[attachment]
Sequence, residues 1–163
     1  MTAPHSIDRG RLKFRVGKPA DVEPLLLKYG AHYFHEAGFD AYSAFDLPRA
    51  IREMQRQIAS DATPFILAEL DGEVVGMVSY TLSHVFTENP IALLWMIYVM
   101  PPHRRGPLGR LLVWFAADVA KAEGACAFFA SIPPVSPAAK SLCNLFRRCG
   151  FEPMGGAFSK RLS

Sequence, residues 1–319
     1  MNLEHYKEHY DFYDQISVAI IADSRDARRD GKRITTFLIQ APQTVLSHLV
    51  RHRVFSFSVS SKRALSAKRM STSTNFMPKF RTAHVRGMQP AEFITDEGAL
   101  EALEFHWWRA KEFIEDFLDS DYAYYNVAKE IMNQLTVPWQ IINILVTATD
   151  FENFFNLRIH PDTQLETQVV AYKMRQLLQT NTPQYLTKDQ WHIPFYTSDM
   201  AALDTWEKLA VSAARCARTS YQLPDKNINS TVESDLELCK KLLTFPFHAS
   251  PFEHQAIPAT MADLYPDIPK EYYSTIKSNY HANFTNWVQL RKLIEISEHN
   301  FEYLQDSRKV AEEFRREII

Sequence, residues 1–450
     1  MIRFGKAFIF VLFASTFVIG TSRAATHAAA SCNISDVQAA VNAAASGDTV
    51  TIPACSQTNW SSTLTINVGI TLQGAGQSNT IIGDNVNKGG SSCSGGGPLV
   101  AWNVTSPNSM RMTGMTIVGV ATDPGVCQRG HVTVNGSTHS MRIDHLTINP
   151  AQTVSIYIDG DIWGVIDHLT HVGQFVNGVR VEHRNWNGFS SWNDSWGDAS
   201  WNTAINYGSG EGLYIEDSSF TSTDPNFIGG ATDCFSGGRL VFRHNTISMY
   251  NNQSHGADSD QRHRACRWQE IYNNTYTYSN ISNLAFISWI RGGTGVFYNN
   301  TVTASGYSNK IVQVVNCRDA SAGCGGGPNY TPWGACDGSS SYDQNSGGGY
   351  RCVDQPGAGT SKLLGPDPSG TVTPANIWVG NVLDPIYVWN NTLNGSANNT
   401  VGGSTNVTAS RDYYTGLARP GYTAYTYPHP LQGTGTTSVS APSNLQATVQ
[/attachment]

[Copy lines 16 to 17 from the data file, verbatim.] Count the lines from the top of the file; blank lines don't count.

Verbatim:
    51  TIPACSQTNW SSTLTINVGI TLQGAGQSNT IIGDNVNKGG SSCSGGGPLV
   101  AWNVTSPNSM RMTGMTIVGV ATDPGVCQRG HVTVNGSTHS MRIDHLTINP